F1’s authorities say they remain determined to push on with the current plans for the all-new cars for 2026 and beyond.
Red Bull’s Christian Horner has warned that the ramped-up electrical side of the 2026 engines could negatively steal the show, with key competitors including Mercedes and Ferrari rejecting his push for fundamental rule tweaks.
He worries that the engines will not add more weight to the overall package, but lead to drivers having to lift and downshift on the straights to charge the bigger batteries whilst also struggling to overtake due to increased chassis drag.
“Red Bull would prefer to continue with the current regulations for as long as possible,” an unnamed source at a rival team is quoted by Auto Motor und Sport.
“I would do the same given Red Bull’s technical advantage.”
F1’s technical chief Pat Symonds thinks Horner’s concerns are outdated as they based on nine-month-old simulations.
“We have made significant progress since then,” he insisted, “and we will be further ahead next year.”
Symonds added that the cars will be about as fast in 2026 as they are now, with the handling and driving characteristics also similar.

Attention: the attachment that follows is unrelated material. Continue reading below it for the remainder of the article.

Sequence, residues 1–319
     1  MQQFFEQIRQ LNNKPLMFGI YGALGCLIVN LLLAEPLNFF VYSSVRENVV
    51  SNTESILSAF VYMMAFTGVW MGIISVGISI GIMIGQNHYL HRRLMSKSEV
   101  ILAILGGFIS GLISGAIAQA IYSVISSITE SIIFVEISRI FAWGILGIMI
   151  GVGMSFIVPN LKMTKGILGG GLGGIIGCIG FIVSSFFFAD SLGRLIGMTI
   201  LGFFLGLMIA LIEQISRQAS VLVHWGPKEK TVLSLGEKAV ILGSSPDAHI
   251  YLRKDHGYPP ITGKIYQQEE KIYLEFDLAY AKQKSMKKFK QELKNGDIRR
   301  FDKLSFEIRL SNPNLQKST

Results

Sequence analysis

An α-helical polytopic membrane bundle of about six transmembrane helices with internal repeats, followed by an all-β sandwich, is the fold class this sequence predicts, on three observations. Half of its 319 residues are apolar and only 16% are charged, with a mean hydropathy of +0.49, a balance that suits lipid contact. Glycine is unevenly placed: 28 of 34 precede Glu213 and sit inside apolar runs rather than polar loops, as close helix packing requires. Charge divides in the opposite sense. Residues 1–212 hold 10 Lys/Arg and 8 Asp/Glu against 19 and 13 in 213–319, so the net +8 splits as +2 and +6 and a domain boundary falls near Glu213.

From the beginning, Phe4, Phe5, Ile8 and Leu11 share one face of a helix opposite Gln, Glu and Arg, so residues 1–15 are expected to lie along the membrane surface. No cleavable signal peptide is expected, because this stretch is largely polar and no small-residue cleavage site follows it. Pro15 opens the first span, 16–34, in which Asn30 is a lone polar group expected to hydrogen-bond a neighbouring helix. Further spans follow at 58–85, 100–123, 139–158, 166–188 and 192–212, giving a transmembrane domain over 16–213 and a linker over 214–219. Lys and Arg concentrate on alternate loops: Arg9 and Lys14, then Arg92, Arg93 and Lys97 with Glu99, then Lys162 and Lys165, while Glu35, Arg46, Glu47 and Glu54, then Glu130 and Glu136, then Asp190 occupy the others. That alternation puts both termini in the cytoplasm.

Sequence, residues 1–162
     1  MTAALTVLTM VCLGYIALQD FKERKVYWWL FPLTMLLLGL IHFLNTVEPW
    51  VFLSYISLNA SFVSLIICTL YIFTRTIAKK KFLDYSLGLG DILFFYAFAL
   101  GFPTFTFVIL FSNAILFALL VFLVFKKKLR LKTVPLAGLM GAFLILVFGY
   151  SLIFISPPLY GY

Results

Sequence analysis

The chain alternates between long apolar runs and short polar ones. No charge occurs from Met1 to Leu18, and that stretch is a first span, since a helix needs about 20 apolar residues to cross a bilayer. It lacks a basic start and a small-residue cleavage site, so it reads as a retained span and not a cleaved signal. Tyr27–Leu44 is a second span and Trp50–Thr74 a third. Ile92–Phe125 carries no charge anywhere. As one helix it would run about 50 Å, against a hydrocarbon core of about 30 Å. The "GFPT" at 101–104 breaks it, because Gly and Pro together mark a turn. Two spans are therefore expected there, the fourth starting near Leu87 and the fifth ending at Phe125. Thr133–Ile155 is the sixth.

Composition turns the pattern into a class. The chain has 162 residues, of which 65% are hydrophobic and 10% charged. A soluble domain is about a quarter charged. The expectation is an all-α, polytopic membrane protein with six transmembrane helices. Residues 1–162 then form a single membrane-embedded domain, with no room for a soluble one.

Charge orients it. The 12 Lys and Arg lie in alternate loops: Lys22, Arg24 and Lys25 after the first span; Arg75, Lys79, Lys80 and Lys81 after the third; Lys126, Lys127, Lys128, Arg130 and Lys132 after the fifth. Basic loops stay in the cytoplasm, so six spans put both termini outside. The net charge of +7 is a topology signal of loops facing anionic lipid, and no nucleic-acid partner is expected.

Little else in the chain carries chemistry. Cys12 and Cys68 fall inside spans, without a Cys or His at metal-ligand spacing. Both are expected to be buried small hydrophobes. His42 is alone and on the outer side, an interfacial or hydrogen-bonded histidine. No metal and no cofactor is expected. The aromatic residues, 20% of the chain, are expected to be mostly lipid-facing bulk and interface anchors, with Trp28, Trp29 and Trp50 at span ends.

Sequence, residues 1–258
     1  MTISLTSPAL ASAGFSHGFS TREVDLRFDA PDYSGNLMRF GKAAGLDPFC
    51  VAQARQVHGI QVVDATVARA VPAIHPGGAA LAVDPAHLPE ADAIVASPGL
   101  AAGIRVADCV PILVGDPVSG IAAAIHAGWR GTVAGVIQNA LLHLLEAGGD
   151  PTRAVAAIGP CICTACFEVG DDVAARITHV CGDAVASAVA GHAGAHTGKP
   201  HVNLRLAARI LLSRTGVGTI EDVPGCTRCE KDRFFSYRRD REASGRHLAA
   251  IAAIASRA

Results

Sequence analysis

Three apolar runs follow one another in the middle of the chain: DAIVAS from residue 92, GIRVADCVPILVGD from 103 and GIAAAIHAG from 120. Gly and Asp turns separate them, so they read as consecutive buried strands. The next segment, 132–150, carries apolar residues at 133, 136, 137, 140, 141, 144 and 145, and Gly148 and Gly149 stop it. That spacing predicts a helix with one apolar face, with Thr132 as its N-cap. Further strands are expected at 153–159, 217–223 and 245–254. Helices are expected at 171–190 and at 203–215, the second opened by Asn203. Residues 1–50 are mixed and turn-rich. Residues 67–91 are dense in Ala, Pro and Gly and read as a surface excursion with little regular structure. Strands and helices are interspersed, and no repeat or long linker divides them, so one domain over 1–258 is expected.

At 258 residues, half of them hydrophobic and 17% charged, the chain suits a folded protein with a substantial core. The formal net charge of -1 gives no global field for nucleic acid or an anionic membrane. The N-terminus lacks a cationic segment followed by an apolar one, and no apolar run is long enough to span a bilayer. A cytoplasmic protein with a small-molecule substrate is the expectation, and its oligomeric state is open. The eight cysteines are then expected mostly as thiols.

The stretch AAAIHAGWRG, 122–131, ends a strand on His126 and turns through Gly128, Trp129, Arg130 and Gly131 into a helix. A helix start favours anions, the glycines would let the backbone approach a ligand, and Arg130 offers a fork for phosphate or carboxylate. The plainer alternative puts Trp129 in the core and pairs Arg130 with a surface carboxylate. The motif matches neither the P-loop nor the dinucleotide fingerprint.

However, it remains true that a full 30 kilograms of fuel – albeit sustainable fuel – will have to be used by the 2026 cars purely to recharge the batteries.
But Symonds thinks shedding the MGU-H innovation from 2026 will at least help to keep the car weights down.
“Mercedes engine chief Hywell Thomas has even suggested that more technological freedom would allow the 2026 batteries to be a similar size and weight as the current ones,” said correspondent Michael Schmidt.
Making the 2026 cars smaller – with a 30cm wheelbase reduction planned – will help even more, as will rumours that the gearboxes will be limited to six rather than eight gears.
“30 centimetres of material weighs more than 30 centimetres of air,” Symonds smiled.